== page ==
“It was great to spend time with Mother again,” she continued. “To be useful! But after we had our look around, we still weren't any better off. Nothing that we learned about the desert was of much practical use."
“What about the notes on the ground?” I pressed. “What did they say?"
"All sorts of things. She gave directions, drew maps. But we couldn't use them. Mareheart had been dead a long time, and the desert had since changed, if her descriptions were anything to go by.”
“What? Changed?” I asked. “How?"
That land had been so stagnant that even hundred-year-old scribblings in the sand had remained undisturbed. It was hard to imagine that anything about it could have changed so drastically so as to alter a map.
"The chasm." Foster replied. “Mareheart said nothing about it in any of her writings or doodles. I don't think it existed yet.”
“But how is that possible? Where did it even come from?”
“I don't know. The Lost Lands are anything but normal. (That's what Mareheart called them)." She said to me in a whisper, as though Mareheart's direct words were some kind of sacred secret to be kept. " All I can tell you is that the notes that we discovered contradicted the landscape we’d found ourselves in.”
I nodded. Scratched at my chin, all thinkitty-like.
“When we rummaged through Mareheart’s supplies,” Foster added with a whisper. “We found a compass. The needle was bent out of shape, and spinning so fast that it was dangerous to touch.”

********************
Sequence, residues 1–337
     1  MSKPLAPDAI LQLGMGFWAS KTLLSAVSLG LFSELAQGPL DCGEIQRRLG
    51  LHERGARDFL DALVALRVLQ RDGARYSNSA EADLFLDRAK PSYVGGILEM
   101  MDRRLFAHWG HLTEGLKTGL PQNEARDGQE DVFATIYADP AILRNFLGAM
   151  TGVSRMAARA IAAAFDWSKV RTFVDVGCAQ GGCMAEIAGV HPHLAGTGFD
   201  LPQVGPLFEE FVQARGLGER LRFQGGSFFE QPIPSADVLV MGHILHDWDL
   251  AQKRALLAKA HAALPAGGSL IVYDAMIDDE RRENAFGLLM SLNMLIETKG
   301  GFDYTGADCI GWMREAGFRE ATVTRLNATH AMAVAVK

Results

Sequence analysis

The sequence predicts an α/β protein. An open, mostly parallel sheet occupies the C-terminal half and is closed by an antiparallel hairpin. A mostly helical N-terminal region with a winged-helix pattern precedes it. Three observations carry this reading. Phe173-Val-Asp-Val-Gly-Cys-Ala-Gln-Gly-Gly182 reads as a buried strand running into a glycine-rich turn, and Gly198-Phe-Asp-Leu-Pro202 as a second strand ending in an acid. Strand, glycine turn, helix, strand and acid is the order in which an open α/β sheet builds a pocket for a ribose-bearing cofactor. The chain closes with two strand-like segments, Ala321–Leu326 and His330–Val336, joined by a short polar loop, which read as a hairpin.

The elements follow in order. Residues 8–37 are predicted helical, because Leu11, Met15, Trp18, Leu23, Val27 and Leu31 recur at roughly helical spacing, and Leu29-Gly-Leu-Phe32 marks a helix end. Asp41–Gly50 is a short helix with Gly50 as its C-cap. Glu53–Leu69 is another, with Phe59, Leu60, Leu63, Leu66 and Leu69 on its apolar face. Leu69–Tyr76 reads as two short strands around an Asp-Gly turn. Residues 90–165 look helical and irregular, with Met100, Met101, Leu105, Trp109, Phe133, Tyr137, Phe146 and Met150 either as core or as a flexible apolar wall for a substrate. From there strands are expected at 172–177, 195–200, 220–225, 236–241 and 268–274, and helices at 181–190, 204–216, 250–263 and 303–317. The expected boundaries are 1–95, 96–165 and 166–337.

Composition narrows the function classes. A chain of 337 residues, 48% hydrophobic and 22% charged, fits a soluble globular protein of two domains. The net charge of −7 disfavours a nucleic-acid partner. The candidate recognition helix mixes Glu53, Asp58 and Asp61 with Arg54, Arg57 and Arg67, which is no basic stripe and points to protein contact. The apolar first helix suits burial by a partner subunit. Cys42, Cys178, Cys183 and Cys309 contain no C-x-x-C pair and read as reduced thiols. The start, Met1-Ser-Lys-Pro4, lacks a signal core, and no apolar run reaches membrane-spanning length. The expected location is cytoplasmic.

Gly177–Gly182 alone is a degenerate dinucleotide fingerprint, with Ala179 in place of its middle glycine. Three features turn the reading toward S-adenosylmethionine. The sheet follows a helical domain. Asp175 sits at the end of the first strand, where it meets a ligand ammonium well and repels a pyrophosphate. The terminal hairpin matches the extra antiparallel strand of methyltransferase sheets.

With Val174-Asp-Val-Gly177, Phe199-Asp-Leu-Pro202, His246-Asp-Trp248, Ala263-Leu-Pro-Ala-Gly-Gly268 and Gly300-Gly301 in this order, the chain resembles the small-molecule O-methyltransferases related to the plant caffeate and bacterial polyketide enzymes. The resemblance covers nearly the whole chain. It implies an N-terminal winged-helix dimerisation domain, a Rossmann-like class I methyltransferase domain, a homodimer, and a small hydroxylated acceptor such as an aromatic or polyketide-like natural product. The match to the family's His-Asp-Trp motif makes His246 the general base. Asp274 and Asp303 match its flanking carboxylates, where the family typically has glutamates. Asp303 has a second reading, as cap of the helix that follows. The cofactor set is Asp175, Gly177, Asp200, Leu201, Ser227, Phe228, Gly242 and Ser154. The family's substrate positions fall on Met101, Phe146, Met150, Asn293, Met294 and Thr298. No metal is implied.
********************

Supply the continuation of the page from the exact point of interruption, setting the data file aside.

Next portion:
“For real?”
Foster nodded.
“Tell me about it! Anyway, we got out of there after seeing that.” Foster continued with her story. “Mother and I may have gotten creeped out a little, but once we emerged from the campsite, the whole family rushed over. Greeted us with enthusiasm. Hope!
“My brothers had taken our absence as a sign that there really was something at the campsite worth seeing – that Mother really did have something resembling a plan, and that I was part of it.”
Foster shook her head. Smiled faintly. Sighed.
“It wasn't much of a plan. Water was still a pressing concern, and I couldn't ignore the fact that I was almost out of argonite crystal, but Mother had extrapolated a location for a potential oasis, and that, at least, was something to shoot for.”
Foster drifted off. Glanced down at that same book on aviators that she still hadn't opened.
“Mother was a lot like Mareheart, you know?” She tapped the book thoughtfully. “Not the type to take life lying down. Better to head for something, than to lie around and wait to die.”
“But how did she know where an oasis was going to be?” I asked eagerly.
“Mother and I had studied what little relevant information Mareheart had left behind. We couldn't be sure, but we made our best guess and hoped that the oasis was still out there somewhere.”
“Was it?” I interrupted.
“I don't know." Bananas Foster said grimly. "We never made it that far.”
“You, um...they…” I stammered in shock.
“Yeah.” Bananas replied dryly. “They followed us. Stalked us - played head games for a couple of hours. And then, when our spirits were lowest, and half of us had already passed out from dehydration, the shadows swept in.”